It was a busy night for Katherine Bryan. The Royal Scottish National Orchestra’s principal flautist was out front as soloist in no less than two concertos in the concert’s first half – ‘one brand new, the other stolen,’ she quipped – and then back among the orchestra’s ranks after the interval.
That “stolen” concerto was Vaughan Williams’s The Lark Ascending, whose original solo violin Bryan had very convincingly replaced with a solo flute in her own arrangement. She gave a mesmerising, focused performance that grabbed the attention and never let go, every note – even in her rhapsodic flutterings up and down the instrument – carefully articulated with meaning.
RSNO/Arild Remmereit, Katherine Bryan ****
Usher Hall, Edinburgh
Her “brand new” concerto was by Glasgow-born composer Martin Suckling, a friend of Bryan’s since childhood. The White Road, getting its first performance, was a sonic feast, seething with microtones and ear-baffling orchestral sonorities – wailing woodwind, clangorous percussion – but held together by a firm but eloquent structure that set Bryan in a succession of ritualistic conversations with the orchestra. There was a definite Japanese tinge to her shakuhachi-like note-bending and the sudden cracks and thuds from percussion, and she gave a thrillingly dramatic performance – from memory – even seeming to spit her instrument out in passages of sudden violence.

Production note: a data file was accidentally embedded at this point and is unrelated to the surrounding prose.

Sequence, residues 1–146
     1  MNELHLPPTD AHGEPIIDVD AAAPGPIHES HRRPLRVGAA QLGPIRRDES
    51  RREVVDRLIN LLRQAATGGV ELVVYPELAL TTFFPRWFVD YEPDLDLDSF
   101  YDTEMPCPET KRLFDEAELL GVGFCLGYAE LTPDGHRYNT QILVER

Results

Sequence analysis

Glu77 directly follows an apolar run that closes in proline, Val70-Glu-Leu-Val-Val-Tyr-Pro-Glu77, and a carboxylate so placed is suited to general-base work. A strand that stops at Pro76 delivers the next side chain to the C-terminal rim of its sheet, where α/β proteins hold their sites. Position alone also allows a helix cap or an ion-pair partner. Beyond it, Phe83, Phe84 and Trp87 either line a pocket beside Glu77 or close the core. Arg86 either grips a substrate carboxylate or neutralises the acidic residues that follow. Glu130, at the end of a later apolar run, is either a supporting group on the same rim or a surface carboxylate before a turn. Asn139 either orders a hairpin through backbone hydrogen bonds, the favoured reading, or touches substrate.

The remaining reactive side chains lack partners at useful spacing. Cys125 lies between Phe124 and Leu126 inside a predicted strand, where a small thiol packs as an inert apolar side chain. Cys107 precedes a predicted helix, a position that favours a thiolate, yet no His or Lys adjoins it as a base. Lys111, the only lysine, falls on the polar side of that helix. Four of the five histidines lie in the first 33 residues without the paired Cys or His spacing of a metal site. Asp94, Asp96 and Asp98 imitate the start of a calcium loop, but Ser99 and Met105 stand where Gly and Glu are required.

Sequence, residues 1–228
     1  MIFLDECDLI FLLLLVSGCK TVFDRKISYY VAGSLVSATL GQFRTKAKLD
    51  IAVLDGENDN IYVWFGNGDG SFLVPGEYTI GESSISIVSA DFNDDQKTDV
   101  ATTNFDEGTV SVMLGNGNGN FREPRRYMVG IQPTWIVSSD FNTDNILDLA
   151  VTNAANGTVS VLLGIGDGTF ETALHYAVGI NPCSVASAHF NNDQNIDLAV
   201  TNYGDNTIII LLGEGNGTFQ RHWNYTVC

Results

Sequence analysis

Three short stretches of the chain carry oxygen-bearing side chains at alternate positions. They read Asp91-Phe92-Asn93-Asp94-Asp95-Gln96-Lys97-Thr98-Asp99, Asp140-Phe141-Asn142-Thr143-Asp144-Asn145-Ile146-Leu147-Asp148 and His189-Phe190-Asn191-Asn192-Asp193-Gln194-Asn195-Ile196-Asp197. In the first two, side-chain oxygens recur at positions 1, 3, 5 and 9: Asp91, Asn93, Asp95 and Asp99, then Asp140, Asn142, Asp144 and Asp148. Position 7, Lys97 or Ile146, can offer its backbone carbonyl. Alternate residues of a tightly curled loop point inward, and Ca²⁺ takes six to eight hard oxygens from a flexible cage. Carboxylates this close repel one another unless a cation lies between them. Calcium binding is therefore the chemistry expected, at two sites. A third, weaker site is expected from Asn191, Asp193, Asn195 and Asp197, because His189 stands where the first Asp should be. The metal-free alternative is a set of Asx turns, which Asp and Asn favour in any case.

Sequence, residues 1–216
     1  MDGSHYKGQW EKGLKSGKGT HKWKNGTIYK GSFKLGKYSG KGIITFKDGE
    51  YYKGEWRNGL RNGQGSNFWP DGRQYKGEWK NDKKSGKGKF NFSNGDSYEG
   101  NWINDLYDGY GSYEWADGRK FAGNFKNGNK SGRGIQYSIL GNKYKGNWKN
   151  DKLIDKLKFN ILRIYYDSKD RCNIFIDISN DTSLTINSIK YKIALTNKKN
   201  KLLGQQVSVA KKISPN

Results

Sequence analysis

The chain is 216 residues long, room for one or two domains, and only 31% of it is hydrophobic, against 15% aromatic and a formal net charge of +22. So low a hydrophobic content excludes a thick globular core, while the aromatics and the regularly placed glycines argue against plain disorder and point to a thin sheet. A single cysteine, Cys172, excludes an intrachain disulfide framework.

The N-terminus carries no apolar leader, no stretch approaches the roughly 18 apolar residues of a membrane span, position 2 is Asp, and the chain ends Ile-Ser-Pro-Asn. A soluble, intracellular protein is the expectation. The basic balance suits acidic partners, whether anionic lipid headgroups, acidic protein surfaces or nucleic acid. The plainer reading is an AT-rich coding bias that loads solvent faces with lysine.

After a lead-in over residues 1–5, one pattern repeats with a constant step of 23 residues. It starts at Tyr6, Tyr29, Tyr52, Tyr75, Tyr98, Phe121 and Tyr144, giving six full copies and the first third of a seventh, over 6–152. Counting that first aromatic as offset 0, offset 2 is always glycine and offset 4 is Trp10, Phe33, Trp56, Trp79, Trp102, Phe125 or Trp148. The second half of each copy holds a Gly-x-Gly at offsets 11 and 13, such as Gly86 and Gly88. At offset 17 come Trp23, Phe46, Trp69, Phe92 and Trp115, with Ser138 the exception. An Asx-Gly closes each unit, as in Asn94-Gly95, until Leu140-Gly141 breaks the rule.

Norwegian conductor Arild Remmereit, replacing an indisposed Peter Oundjian, provided immaculate support in both concertos but things declined in a Ravel Daphnis et Chloé that he just couldn’t make gel – sluggish in its slow music, and with climaxes raucous rather than radiant: a disappointing end to what had begun as a wonderfully provocative, rewarding evening.